Sweat cannot transmit the virus but high-contact surfaces, such as barbells, can pose a problem, a doctor said.
The NY Times | by Aimee Ortiz | March 8, 2020
It’s not the kind of thing you want to think about while you’re in child’s pose in yoga class, when your nose is close to the mat, but after hearing how you should stop touching your face to guard against the coronavirus, you might wonder: What are the risks of transmission while working out at a gym?
Be mindful of equipment that is frequently handled
The spread of the coronavirus could make even the most ardent gym rats stress out about picking up barbells.
There’s a lower risk of picking up the coronavirus at a gym or health club than at a church service, for example, said Dr. David Thomas, a professor of medicine and director of the Division of Infectious Diseases at Johns Hopkins University School of Medicine. By comparison, church services may include shaking hands and being in closer proximity to people.
But if you’re in a community where there have been cases of the coronavirus, “that’s, perhaps, a time to be more cautious with all types of exposures, including a gym,” Dr. Thomas said.
Sweat cannot transmit the virus but high-contact surfaces, such as barbells, can pose a problem, he said.
Scientists are still figuring out how the virus exactly spreads but have provided some guidance on how it seems to be transmitted. A study of other coronaviruses found they remained on metal, glass and plastic for two hours to nine days.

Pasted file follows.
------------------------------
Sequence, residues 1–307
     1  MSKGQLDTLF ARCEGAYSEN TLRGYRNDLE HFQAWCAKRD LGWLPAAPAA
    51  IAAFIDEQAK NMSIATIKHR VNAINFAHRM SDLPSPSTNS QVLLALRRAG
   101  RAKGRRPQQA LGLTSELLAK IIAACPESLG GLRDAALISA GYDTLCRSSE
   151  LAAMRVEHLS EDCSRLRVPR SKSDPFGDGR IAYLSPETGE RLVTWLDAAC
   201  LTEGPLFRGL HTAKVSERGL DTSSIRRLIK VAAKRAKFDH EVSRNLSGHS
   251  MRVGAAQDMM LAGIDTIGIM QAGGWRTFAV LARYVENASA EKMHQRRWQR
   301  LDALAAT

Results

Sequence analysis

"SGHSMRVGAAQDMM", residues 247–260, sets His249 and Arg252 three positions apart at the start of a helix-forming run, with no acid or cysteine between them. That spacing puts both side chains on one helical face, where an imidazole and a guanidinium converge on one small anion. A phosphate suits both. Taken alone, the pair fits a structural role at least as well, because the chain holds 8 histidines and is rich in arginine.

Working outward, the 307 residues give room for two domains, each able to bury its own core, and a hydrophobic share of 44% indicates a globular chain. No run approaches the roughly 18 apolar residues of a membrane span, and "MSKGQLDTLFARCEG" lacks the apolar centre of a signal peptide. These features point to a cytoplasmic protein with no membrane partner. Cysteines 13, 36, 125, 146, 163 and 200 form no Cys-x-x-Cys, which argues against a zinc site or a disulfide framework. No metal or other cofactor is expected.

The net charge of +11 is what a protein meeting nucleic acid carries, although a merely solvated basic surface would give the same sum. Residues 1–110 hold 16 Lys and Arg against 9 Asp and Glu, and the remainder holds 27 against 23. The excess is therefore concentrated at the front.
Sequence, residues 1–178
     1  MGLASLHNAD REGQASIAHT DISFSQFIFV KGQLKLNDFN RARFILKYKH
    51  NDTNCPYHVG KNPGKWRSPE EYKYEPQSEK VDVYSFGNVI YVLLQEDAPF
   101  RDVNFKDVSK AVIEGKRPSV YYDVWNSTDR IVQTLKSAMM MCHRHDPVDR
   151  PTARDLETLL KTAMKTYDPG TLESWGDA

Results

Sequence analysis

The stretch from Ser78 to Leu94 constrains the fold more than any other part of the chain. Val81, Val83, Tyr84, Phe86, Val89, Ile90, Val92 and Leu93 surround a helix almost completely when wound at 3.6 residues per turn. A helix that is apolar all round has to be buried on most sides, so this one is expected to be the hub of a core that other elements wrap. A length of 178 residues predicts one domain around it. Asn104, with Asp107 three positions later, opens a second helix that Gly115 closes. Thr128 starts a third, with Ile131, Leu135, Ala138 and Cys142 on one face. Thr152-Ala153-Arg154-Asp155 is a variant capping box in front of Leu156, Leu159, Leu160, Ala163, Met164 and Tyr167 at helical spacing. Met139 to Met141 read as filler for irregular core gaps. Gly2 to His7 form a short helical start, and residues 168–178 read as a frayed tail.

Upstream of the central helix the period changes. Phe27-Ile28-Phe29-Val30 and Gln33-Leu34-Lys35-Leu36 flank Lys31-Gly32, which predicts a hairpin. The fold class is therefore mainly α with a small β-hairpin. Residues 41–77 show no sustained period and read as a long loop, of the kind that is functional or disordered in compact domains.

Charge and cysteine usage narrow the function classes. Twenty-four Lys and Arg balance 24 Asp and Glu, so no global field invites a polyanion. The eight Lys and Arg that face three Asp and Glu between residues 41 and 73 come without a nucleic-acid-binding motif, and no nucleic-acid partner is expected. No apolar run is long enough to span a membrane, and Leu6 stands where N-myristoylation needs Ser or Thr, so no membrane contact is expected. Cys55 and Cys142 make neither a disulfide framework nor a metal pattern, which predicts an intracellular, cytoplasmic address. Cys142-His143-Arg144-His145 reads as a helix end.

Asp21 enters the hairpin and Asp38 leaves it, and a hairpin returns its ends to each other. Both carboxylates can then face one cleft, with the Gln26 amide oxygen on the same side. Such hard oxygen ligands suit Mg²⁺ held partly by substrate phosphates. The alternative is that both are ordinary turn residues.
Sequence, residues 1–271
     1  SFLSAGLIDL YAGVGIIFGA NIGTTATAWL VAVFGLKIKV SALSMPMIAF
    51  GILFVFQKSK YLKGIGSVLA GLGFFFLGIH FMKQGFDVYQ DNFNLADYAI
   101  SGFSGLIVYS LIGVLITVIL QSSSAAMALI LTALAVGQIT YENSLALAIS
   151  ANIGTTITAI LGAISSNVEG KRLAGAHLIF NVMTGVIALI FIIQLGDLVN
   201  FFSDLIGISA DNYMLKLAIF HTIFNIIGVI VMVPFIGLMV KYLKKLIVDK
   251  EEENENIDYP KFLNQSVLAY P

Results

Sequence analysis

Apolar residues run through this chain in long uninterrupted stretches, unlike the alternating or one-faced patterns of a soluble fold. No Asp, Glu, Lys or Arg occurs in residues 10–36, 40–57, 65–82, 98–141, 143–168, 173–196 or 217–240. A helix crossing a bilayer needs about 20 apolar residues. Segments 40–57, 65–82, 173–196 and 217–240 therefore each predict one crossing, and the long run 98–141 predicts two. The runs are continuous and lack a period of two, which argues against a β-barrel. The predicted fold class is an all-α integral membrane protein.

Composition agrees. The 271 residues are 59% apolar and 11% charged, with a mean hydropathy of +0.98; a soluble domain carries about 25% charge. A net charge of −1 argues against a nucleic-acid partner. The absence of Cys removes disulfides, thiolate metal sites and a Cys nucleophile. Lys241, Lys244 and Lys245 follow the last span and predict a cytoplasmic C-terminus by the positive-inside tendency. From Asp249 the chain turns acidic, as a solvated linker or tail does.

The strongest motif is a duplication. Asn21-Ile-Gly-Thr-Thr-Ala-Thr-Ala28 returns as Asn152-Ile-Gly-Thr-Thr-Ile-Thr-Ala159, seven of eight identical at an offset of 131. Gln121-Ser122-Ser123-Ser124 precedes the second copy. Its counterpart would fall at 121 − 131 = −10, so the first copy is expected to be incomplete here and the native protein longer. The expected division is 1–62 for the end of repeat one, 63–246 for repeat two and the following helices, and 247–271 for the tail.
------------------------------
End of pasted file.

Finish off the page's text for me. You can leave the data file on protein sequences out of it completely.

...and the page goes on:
Gyms are stepping up cleanings
The owner of a yoga studio in Washington State, where several coronavirus patients have died, according to The Yoga Journal, “says she’s seen a direct impact from all the hysteria in the area on both attendance and business.”
Equinox, the luxury fitness club brand, has sent notices to members, reassuring them that additional steps are being taken during the peak flu season and amid growing concerns about the coronavirus.
The additional steps include disinfecting all club areas with a hospital-grade solution three times a day, reminding people to stay home if they are sick and asking instructors to eliminate skin-to-skin contact, like hands-on adjustments during yoga, a spokeswoman said.
Brian Cooper, chief executive of YogaWorks, sent an email to the company’s clients, reassuring them that it was stepping up its cleaning processes “to keep our facilities a safe and welcoming environment for all students and staff.”
David Carney, president of Orangetheory Fitness, listed precautions in an email on Thursday. “Wipe down your equipment after every block, and don’t hesitate to request a new wipe whenever you need to,” he wrote.
What you can do to protect yourself
Do you know what’s in those nondescript spray bottle at gyms that you’re supposed to use to wipe down your machine, mat and equipment?
If you’re not sure, ask staff members what’s in the bottle or take your own wipes to the gym.
“I’ll probably bring my own wipes,” Dr. Thomas said on Saturday of his gym trip planned for later that day. “I’ll know that they’re the right wipes and they have the right concentration of alcohol.”
Diluted household bleach solutions, alcohol solutions with at least 70 percent alcohol and several common household disinfectants should be effective against the coronavirus, according to the Centers for Disease Control and Prevention.
The Environmental Protection Agency released a list of disinfectants against the virus.
In addition to avoiding frequently handled machines and equipment, it’s recommended, as always, that you wash your hands often and don’t touch your face.
And if you’re feeling sick, stay home.
“This is mostly about how you keep from getting sick at a gym, but please don’t go to the gym if you feel sick,” Dr. Thomas said. “Don’t give it to other people.”
Heather Murphy contributed reporting.